A focus on the events of Cologne as new or exceptional evacuates them from this context in which they emerge. A context in which the biologization of northern African men as sexually violent has long been used as a technology of European border governance, one which sees its border management regime, carceral policing, and colonial histories violently intersect. The naturalization of the "Arab-Muslim rapist" falsely implies that sexual violence is alien to Europe, only arising when its vulnerable borders are penetrated by Muslim men. A "new" and "urgent" vulnerability that temporally overtakes and ignores the ingrained, quotidian racial biases in crime reporting and incarceration.

Thinking Racial and Sexual Violence Together

To speak of the "northern African rapist" as a colonial myth, then, is not to deny the reality that men, including those from northern African and Arab backgrounds, commit acts of sexual violence. Rather, it is to draw attention to the ways in which the targeting of Muslim, Arab, and African bodies as the perpetrators of sexual violence functions concomitantly to criminalize whole populations and territories. A criminalization that simultaneously marks Europe and its imagined-as-white populace as victim, justifying its harsh and racist border management regime. This bodily targeting utilizes colonial sexualities as border technologies, evading a wider conversation about Europe’s sexual violence epidemic. In fighting against sexual violence we must simultaneously fight against the historical racialization of the figure of the rapist. A fight that necessitates recognition of Europe’s imperial pasts and presents, and all of the violent gendered and sexual tropes they entail.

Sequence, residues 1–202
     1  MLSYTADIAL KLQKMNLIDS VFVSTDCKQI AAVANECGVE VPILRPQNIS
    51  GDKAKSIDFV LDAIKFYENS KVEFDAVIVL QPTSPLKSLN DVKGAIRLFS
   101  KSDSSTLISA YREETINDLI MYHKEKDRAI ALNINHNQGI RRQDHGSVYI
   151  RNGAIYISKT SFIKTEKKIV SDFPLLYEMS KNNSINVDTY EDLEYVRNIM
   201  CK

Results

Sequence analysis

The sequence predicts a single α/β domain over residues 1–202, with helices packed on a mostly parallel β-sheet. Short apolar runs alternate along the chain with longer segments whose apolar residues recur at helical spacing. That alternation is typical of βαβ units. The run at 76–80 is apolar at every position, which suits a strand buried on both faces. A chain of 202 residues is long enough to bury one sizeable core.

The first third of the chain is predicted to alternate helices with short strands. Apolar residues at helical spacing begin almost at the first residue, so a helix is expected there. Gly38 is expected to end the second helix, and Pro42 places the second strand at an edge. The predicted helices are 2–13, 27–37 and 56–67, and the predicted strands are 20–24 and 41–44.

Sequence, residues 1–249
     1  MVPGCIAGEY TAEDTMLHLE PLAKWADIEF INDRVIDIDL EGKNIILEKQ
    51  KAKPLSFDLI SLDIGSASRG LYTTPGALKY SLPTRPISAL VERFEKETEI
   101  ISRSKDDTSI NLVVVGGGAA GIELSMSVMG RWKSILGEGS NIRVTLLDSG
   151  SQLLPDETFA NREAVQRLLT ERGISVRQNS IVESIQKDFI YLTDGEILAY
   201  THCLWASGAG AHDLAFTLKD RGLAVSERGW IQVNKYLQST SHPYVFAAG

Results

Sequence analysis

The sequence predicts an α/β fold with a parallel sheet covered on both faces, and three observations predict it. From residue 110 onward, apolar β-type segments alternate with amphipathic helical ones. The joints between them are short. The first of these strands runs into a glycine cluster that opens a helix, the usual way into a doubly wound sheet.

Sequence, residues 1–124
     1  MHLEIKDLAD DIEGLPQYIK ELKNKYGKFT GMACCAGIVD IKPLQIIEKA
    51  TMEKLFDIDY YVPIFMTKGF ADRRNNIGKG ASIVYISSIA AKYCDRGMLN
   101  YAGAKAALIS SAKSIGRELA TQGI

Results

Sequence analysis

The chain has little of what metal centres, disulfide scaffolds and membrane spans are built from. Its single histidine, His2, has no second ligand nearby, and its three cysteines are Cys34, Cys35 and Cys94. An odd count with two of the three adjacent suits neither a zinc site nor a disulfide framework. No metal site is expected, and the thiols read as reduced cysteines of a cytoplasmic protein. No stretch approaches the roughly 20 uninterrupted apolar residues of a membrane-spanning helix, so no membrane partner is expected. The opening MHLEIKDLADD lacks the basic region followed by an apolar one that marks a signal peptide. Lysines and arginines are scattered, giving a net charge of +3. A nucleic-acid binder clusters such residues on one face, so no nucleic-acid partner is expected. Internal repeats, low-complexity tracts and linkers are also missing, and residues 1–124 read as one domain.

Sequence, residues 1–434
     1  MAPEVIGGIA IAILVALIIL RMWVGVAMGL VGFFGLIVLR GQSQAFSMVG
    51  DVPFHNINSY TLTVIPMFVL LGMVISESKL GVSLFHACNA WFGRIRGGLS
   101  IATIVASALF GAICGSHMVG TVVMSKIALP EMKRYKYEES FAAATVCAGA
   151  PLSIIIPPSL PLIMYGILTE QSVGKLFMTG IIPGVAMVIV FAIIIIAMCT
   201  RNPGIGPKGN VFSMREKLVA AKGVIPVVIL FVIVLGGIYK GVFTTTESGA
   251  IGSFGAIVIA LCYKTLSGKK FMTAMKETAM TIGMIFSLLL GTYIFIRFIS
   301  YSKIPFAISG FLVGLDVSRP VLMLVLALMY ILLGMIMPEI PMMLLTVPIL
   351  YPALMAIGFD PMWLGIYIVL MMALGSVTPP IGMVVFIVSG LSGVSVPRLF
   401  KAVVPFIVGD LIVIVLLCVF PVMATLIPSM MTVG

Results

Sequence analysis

[1] Violence Against Women
[2] Why are Rapists not Convicted


Davis A (1981) Women, Race, and Class. New York: Vintage Books.
Fanon F 1969 Toward the African Revolution: Political Essays. New York: Grove Press.
Somerville S (1994) Scientific racism and the emergence of the homosexual body. Journal of the History of Sexuality 5(2): 243-266.
Wells-Barnett I (1892) Southern Horrors: Lynch Law in All Its Phases. New York Age Print.